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World Bank also sets new conditions to loan Pakistan


ISLAMABAD: Following the revival of a stalled International Monetary Fund (IMF) programme, the World Bank has now also asked Pakistan to meet four prior actions during the ongoing fiscal year 2021-22 to get approval for a $350 million programme loan.

The conditions include bringing the centre and provinces under one General Sales Tax (GST) regime and amending Fiscal Responsibility and Debt Limitation Act (FRDLA) through Parliament.

The harmonisation of GST among the centre and provinces has remained a major outstanding issue before high-profile National Tax Council (NTC) as all parties concerned are making last ditch efforts to evolve consensus on the definition of goods and services, bringing uniformity related to GST laws, tax rates and scope of GST but have so far failed to get the desired results.

“We are still making progress on all these issues and the NTC is also scheduled to hold another important meeting in Islamabad today” top official sources confirmed local media.

Two remaining conditions of prior actions are removal of circular debt in line with Circular Debt Management Plan (CDMP) and recovery of arrears of power sector for approval of $350 million programme loan under Resilient Institutions Strengthening Program (RISE-II).

However, the PTI-led regime has been facing difficulties for moving ahead with harmonisation of GST among federation and federating units. It is yet to be seen how the government makes progress on harmonisation of GST. The GST on goods is the domain of the centre, while on services it falls under the jurisdiction of provinces in line with 1973 Constitutional arrangements.

In the wake of IMF programme revival, Islamabad can avail Letter of Comfort (LOC) for obtaining programme loans from multilateral creditors such as World Bank and Asian Development Bank (ADB). A top official of Finance Division, when contacted, said the government had made no request to enhance the loan amount from $350 million to $500 million.

“We are committed to implement the prior actions. The NTC meeting will also discuss prior actions as well” he added.

To a question, Additional Secretary External Finance Awais Manzur Sumra said: “The amounts of programme loans are decided/determined at the time of loan negotiations.

“We have not reached that stage in RISE-II. We remain committed to meeting the remaining prior actions,” Sumra added.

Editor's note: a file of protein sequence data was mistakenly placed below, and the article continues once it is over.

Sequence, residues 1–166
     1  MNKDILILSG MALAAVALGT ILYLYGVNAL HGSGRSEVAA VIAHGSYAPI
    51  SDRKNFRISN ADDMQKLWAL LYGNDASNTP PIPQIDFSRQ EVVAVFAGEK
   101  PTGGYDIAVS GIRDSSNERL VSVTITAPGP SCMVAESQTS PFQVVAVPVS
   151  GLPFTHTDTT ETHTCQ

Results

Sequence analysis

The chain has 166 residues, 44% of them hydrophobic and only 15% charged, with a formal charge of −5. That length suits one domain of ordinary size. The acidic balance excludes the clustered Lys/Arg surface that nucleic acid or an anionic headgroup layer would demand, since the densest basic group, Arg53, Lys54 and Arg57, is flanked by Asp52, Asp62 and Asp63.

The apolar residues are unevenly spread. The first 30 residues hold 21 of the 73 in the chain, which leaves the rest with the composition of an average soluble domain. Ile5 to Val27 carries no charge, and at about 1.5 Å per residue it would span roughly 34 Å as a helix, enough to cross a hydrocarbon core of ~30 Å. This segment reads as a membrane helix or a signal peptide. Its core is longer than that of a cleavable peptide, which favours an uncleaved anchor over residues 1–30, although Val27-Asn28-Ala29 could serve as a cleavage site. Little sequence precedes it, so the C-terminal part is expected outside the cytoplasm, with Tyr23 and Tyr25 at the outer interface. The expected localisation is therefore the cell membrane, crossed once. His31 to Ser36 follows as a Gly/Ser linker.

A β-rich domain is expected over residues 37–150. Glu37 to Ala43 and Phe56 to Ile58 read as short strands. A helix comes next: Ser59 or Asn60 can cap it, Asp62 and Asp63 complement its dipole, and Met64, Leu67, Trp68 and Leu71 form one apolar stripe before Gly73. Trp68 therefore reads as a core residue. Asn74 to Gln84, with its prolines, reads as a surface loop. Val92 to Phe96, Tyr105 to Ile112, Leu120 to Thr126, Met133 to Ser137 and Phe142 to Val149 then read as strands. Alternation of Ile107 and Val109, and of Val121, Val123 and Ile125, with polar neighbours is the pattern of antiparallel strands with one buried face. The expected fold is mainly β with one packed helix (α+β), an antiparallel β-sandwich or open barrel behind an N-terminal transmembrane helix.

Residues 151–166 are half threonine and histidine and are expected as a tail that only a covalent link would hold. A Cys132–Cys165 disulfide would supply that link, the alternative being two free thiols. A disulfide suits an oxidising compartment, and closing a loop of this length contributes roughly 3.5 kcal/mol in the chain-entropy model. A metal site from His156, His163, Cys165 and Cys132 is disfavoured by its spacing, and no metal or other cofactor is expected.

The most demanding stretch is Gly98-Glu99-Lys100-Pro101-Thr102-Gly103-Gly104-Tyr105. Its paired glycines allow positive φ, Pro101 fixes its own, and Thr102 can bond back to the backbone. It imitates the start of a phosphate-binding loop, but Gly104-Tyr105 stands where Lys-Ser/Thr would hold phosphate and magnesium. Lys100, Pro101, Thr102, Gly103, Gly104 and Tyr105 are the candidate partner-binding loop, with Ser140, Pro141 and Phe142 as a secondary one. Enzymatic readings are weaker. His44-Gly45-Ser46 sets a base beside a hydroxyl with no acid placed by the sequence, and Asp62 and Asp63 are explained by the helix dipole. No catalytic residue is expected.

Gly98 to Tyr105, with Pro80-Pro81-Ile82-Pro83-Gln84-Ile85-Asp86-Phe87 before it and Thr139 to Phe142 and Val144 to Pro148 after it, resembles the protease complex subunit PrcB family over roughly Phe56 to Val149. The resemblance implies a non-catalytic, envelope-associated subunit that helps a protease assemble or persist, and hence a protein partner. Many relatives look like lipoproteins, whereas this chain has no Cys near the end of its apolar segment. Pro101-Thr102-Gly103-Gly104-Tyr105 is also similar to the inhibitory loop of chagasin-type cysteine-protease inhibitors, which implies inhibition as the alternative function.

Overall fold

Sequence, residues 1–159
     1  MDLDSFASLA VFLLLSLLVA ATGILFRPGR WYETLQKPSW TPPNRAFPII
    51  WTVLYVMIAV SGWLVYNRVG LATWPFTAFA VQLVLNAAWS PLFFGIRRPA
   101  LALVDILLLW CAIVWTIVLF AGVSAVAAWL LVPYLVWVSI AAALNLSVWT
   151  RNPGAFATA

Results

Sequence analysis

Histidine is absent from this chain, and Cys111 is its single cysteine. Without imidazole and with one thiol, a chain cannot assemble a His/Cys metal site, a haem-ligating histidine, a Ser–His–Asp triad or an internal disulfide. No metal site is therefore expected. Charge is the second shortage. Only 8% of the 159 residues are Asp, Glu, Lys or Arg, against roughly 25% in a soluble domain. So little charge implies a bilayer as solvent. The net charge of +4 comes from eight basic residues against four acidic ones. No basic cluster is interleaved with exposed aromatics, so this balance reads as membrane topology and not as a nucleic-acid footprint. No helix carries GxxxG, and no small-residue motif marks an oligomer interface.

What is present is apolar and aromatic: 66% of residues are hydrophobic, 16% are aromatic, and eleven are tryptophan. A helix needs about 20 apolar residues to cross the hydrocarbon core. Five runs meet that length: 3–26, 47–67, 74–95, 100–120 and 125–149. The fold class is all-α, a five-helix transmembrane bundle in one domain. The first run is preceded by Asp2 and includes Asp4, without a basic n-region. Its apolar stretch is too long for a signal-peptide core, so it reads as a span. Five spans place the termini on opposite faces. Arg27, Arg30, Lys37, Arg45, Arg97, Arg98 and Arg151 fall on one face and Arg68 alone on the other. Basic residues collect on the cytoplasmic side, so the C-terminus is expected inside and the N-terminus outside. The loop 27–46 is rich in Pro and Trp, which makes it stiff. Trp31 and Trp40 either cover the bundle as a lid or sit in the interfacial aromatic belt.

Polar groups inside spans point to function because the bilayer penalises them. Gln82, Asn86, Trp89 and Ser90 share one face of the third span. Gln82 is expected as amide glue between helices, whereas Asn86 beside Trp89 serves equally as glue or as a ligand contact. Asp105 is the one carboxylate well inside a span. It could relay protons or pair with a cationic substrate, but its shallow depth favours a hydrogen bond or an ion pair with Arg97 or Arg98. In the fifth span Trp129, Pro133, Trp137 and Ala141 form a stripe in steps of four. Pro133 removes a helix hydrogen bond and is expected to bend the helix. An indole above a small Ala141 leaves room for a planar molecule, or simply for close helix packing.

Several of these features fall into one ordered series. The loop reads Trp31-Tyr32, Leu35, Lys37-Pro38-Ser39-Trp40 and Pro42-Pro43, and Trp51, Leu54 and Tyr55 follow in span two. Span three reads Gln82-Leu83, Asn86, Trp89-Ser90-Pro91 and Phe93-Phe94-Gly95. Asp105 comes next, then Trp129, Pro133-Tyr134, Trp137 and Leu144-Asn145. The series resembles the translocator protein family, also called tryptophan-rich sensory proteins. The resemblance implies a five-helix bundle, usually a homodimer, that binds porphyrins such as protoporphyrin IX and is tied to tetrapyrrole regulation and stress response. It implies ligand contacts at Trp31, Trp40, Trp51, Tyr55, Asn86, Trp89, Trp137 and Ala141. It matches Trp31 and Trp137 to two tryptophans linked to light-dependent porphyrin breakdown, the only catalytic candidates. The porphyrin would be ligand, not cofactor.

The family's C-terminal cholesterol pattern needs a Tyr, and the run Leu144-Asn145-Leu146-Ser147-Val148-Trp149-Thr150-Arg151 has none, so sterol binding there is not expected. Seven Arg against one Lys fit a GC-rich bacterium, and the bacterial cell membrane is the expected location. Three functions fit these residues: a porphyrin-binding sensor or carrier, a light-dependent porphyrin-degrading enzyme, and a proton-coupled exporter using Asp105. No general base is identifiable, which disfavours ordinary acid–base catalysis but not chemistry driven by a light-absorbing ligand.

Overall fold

According to an official press statement, Federal Minister for Finance and Revenue Shaukat Tarin met with World Bank Country Director Najy Benhassine and his team at Finance Division on Tuesday. Secretary Finance and senior officers were also present there.

The meeting reviewed the progress on the ongoing World Bank’s projects and programmes in Pakistan with a focus on RISE-II, and discussed some prior actions to be met for the timely completion of the programme.

An official claimed the government wanted to increase the amount up to $500 million under RISE-II, mainly because the Asian Infrastructure Investment Bank (AIIB) had committed to provide matching funding as an equivalent amount in co-financing so the total amount might go up to $1 billion. But a Finance Division high-up said the government did not make any such request to World Bank.

Pakistan is negotiating another programme loan from the World Bank called Pakistan Programme for Affordable and Clean Energy (PACE)–II in order to reduce the monster of circular debt flow through reducing power generation costs, de-carbonising the energy mix, improving efficiency in distribution, and retargeting electricity subsidies.

The World Bank has so far committed $600 million for PACE-II, also shown on its website, but official sources said the bank might provide $300 million.

The loan amount has not yet been finalised but the official sources confirmed efforts would be made to get approval for these two programme loans from the World Bank during the second half of this fiscal year till June 2022.

With approval of programme loans in the second half, the overall disbursements of loans and grants were expected to go up because in first six months of this fiscal year, the government fetched over $9.4 billion mainly through commercial loans and international bonds.

The government is expecting only $5.7 billion from the multilateral creditors in the current fiscal and after securing letter of comfort from the IMF, the programme loans will be approved.

The improved loan disbursement is necessary for avoiding depletion of foreign exchange reserves, which nosedived to over $15.7 billion, held by the State Bank of Pakistan (SBP), on January 28, 2022.


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